14e1emae ,
' F OewlBBer.
Move Not Permanent
Mrs. D. A Foots and daughter,
Miss Mildred, leave early tn March
to take possession of their winter
home in Pasadena. Cel., wntcn ur,
Foote purchased on his recent trip
west Mrs. foote has spent several
easons in California and wished to
go earlier this year, but arrange
ments could not be made sooner, as
the home is still occupied by the
former owners. t .
Friends of the family will be glad
to know that this does not mean that
; the family will leave Omaha for good,
at least for many years, and that they
will claim Omaha as their home,
keeping the home in California for
winter use only. ' 1
Parties for Powys Lecture.
' Of the three attractions which drew
Omaha society women this afternoon
John Cowper Powys was the most
nonular. Boxes for this occasion were
all filled. Mrs. Charles T. Kountze
had a party in her box, as did alao
Mrs. fc, M. sytert. J . : '
Mrs, Frank T. Hamilton had
guests in her box:
ifre4aniea Meademee -Mr.
K. Mania, John A Hcbheae.
P. A. Bregaa, - 5
Mr. and Mro. VIII Hamilton.
Miae Daley Dean...
Mile, do Cletue.
In her box Mrs. Charles Elgutter
Meedameo ' Meedamee
Alexander Pollack. leader Elogler.
Frederick Roeenaiek, Herbert Arnetela.
Minna Jaooba, J . . , '
tllaeee ; Mlieee
Frederick eeeaatMk.fteee Orkla.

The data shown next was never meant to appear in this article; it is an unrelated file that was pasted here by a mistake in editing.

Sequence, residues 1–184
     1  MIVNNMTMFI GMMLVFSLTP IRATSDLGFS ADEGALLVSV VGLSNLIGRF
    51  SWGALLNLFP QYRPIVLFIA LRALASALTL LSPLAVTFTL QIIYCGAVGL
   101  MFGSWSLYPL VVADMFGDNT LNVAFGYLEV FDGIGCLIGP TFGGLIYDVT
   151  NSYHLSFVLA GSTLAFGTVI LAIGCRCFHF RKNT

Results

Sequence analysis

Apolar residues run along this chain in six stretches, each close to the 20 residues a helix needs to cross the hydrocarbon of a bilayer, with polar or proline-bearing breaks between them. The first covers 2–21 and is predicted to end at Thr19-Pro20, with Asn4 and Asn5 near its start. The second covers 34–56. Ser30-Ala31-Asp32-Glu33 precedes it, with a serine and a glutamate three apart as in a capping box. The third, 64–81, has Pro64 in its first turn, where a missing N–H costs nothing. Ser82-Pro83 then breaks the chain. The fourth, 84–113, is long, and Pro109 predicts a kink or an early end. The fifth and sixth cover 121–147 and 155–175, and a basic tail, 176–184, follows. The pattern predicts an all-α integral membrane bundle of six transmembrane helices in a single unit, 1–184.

Mrs. William Archibal Smith in
cluded in her party the officers of
the Major Isaac Sadler chapter,
Daughters of the American Revolu
tion: Meedamee Meedamee
Karl StanfleU, temeel K. Heaford.
1. r. wear, . , '
Mleeee ' Mini i
Carolyn Barkalev, Bath Oanooo,
Ida M. Crewell. Caeote Ren. .,
Mrs. F. R. Straight, regent of the
Omaha chapter, Daughters of the
American Revolution: Mrs. C H.
Anil, state regent of the organiza
tion, and Mrs. W. L. Selby of the
Omaha chapter, had with them in
their box: ' '
Meedamee Miedamee'
P.W.Clarke. S. H. Morton.
B C. Hoyt. ,
Helen Clarke, D. a. Mitchell.
Franco-Belgian Lecture.
Members of the Franco-Belgian so
ciety fear that Omaha people do not
. fullr understand that the lecture
which Lieutenant Zinovi Pechkoff
will give under the auspices of their
society Saturday afternoon at 3